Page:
…Numerous bar patrons slowly nodded in agreement as Bernanke went on to suggest the United States could pass three or four more stimulus packages and “it wouldn’t even matter.”

“You think that’s going to create long-term economic growth, let alone promote job creation?” Bernanke said. “We’re way beyond that, my friend. There are no jobs, okay? There’s nothing. I think that calls for another drink, don’t you?”

While using beer bottles and pretzel sticks in an attempt to explain to the bartender the importance of infusing $650 billion into the bond market, the inebriated Fed chairman nearly fell off his stool and had to be held up by the patron sitting next to him.

Another bargoer confirmed Bernanke stood about 2 inches from her face and sprayed her with saliva, claiming inflation was going to “totally screw” consumer confidence and then asking if he could bum a smoke.

“Sure, we could hold down long-term interest rates and pursue a program of quantitative easing, but c’mon, we all know that’s not going to make the slightest bit of difference when it comes to output, demand, or employment,” Bernanke said before being told to “try to keep [his] voice down” by the bartender. “And trust me, with the value of the U.S. dollar in the toilet, import costs going through the roof, and numerous world governments unprepared for their own substantial debt burdens, shit’s not looking too good for us abroad, either.”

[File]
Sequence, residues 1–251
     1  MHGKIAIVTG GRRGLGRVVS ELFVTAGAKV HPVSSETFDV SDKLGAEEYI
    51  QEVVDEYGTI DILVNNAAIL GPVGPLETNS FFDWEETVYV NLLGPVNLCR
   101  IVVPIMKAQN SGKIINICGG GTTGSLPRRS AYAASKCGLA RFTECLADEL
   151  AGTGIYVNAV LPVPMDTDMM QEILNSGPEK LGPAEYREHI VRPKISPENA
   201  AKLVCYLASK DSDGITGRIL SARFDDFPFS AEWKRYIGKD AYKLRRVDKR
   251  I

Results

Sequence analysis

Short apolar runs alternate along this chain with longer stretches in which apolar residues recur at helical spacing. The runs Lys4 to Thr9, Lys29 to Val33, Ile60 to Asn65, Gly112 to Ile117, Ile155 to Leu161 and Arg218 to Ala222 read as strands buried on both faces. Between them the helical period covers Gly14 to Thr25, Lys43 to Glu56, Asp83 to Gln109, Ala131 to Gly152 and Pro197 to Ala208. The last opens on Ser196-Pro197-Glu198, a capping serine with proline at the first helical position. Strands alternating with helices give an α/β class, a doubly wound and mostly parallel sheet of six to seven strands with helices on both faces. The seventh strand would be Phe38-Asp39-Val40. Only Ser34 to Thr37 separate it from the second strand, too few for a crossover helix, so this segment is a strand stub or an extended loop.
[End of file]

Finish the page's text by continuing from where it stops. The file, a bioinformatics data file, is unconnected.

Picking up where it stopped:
“God, I’m so wasted,” added Bernanke, resting his head on the bar.

Customers at the bar told reporters the “shitfaced” and disruptive Bernanke refused to pay for his drinks with U.S. currency, claiming it was “worthless.” Witnesses also confirmed that near the end of the evening, Bernanke put money into the jukebox and selected Dire Straits’ “Money For Nothing” to play five times in a row.

Read the whole thing here.

And who knew Bernanke and I had similar tastes in music?

Rumors of dollar’s death greatly exaggerated

Sentiment is still very anti-dollar (though not as extreme as last February-April), but the index is no lower than a few months ago, nor even a few years ago. Despite all of the dollar-crash and hyperinflation hysteria in recent years, early 2008 still marks the bottom.

MACD and RSI also seem to back up the case that the next big move is more likely up than down:

3 year daily chart:

stockcharts.com

5-year weekly chart:

bigcharts.com

10-year monthly:

futures.tradingcharts.com